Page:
- Melody Morris last received a paycheck in March when the school she was driving a bus for was closed due to the corona virus.
- In the months since, she has sold most of her belongings and used her CARES Law stimulus check to keep a roof over her and her daughter's heads.
- But jobs are in short supply and Morris' bank account is running out, so she doesn't know how she will come up with August's rent.
- The pandemic has led to historic unemployment and economic uncertainty in the United States, and millions like Morris don't know how to pay for the bare essentials.
- You can find more stories on the Business Insider homepage.
Melody Morris regrets buying a new pair of shoes.
She took the plunge in June because her only other shoes lacked a sole.
But Morris said, "I feel guilty because this money could go to my daughter in some way. I have no idea how to buy her school clothes or other items that she'll need."
This is just one example of how the corona virus wiped out the financial security of this 52-year-old mother of three.
The longtime school bus driver lost her income in March when schools in Horseshoe Bay, Texas and the rest of the United States had to be closed. Morris injured his knee – she can't afford knee replacement surgery – and has asthma, so it was difficult to walk, let alone find a new job.
As expenses increased and their unemployment benefits application was silenced, Morris sold her clothing, kitchenware, furniture, and even curtains to protect herself and her 16-year-old daughter from losing their home. With her stimulus check, Morris paid the rent until July 31 and a handful of bills and food stamps worth $ 16 to get two meals a day.
But Morris has no idea how she's going to scratch rent or utilities or insurance and bill payments in August over the coming weeks.
"This pandemic is terrible," Morris told Business Insider. "Financially I'm devastated. I want to work again, but the virus has made it almost impossible to find a job. I'm so stressed out that I don't know what to do."
Morris is not alone.
A US Census Bureau survey, July 2-7 found that more than 43 million Americans – around 25% of the country's adult population – missed or deferred last month's rent or mortgage payments or are not sure whether they can afford to pay on time next month. according to USA Today. And the American Apartment Owners Association 60% of the landlords indicated that their tenants cannot afford to rent.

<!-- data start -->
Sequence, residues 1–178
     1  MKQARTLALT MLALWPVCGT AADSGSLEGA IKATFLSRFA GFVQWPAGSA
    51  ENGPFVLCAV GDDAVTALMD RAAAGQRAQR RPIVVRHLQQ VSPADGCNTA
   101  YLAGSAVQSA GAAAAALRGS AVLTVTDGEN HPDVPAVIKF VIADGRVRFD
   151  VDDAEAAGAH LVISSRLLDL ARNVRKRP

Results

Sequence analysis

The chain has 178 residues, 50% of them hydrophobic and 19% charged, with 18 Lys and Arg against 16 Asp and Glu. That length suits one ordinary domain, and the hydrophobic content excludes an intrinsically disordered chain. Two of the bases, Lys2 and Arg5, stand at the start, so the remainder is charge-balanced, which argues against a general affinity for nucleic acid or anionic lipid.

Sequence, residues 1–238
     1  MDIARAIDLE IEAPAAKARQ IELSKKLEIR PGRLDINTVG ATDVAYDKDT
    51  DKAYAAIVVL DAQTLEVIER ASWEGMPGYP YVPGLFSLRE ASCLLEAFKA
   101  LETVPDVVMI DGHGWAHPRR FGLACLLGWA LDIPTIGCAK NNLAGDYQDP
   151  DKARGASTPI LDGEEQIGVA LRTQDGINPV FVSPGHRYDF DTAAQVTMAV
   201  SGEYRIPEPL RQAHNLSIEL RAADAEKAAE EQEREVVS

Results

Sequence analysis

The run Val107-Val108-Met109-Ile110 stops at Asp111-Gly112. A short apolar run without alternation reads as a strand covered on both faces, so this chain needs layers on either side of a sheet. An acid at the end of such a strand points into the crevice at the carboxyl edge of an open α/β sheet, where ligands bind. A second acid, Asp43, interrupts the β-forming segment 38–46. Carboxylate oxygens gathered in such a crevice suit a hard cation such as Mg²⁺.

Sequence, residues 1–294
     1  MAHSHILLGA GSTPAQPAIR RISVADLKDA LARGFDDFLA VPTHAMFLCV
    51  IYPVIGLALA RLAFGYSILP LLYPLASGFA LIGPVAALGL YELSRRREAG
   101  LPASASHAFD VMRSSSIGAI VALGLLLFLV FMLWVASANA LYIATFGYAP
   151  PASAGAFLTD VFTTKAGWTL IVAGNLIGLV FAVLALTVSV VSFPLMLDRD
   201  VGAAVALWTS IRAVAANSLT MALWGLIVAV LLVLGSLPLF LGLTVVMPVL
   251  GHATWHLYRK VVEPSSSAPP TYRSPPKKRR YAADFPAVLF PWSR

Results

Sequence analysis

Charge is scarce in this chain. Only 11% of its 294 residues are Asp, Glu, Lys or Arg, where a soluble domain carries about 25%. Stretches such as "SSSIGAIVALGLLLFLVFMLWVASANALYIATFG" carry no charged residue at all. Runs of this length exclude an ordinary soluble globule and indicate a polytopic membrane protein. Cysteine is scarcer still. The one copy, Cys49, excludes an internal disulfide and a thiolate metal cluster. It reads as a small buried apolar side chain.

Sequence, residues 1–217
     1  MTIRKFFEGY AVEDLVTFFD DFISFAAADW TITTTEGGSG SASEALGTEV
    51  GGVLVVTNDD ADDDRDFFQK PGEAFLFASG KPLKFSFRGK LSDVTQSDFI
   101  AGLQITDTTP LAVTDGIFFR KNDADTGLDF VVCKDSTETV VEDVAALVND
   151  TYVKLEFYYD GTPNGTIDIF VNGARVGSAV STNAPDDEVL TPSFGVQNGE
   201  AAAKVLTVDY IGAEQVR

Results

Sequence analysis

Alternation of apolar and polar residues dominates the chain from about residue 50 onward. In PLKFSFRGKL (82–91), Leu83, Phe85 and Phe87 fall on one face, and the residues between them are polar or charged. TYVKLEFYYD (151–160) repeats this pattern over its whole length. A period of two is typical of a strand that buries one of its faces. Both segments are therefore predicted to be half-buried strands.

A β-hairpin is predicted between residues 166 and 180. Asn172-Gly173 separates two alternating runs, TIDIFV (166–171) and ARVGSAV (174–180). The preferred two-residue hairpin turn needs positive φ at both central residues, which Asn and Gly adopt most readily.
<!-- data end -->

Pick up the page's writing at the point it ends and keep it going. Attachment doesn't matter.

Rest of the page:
The Coronavirus Aid, Relief and Economic Security (CARES) Act, passed by Congress in March, prohibited the eviction of tenants living in buildings with government-sponsored mortgages.
In May, the Texas Supreme Court ruled that some of the protective measures originally introduced at the federal level by the CARES Act could be reversed. Landlords across the state were may initiate a clearance process from May 18Although many municipalities decided to continue with the evacuation protection.
And then the federal eviction moratorium expired on July 24th. A whopping 28 million Americans could lose their homes in the coming months, Emily Benfer, one of the creators of Princeton University's clearance laboratory. Reuters said.
And on Friday, the weekly unemployment benefit of $ 600 fell and failed millions as Congress tried to work out the details of the next stimulus package.
Emily Benfer, one of the creators of Princeton University's Eviction Lab, told Reuters that a whopping 28 million Americans could lose their homes in the coming months.
The GOP Coronavirus Relief Bill proposes a weekly Unemployment benefit of $ 200which was criticized as too little to make a difference. Morris agrees that it shouldn't be "one thing forever," but believes that "it must gradually decrease, not just stop suddenly," she said.
However, it is a sad state of affairs that "self-sufficiency" is causing people to associate coronavirus restrictions with the trampling of civil liberties, Morris said.
"The attitude & # 39; You deprive me of my freedom & # 39; that & # 39; You cannot tell me what to do & # 39; and the attitude & # 39; This virus does not affect me & # 39; that I see in my state and elsewhere is disheartening, "she added. "If people did exactly what was suggested, the virus would go away."
What Morris said, she doesn't understand why people are ready to take precautions for less serious illnesses, but is outraged by the instruction to wear a face mask, maintain social distance, and avoid crowds.
"The fact that the numbers were so low before the states opened and how high they are now should tell us something. I've heard of people who dissect this virus, don't wear a mask, do their own thing and then die from it ", she said.
When asked what she plans to do when the rent is due tomorrow, Morris said, "I hope my landlord will give me time to start working and somehow find rent. I can't be homeless."
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